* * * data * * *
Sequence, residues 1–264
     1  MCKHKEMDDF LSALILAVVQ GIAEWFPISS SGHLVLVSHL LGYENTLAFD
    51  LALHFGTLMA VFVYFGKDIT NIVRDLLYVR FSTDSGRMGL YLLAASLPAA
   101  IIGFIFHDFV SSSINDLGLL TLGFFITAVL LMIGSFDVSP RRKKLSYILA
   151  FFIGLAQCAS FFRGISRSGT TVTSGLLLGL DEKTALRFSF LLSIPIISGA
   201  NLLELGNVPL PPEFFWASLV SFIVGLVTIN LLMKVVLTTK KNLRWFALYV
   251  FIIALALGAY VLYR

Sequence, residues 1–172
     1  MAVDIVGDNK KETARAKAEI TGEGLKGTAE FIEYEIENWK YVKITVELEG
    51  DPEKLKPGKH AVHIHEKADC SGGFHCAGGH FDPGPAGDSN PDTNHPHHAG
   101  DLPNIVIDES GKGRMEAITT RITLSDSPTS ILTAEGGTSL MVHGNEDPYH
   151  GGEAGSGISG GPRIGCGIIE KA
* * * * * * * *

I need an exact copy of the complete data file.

Sequence, residues 1–264
     1  MCKHKEMDDF LSALILAVVQ GIAEWFPISS SGHLVLVSHL LGYENTLAFD
    51  LALHFGTLMA VFVYFGKDIT NIVRDLLYVR FSTDSGRMGL YLLAASLPAA
   101  IIGFIFHDFV SSSINDLGLL TLGFFITAVL LMIGSFDVSP RRKKLSYILA
   151  FFIGLAQCAS FFRGISRSGT TVTSGLLLGL DEKTALRFSF LLSIPIISGA
   201  NLLELGNVPL PPEFFWASLV SFIVGLVTIN LLMKVVLTTK KNLRWFALYV
   251  FIIALALGAY VLYR

Sequence, residues 1–172
     1  MAVDIVGDNK KETARAKAEI TGEGLKGTAE FIEYEIENWK YVKITVELEG
    51  DPEKLKPGKH AVHIHEKADC SGGFHCAGGH FDPGPAGDSN PDTNHPHHAG
   101  DLPNIVIDES GKGRMEAITT RITLSDSPTS ILTAEGGTSL MVHGNEDPYH
   151  GGEAGSGISG GPRIGCGIIE KA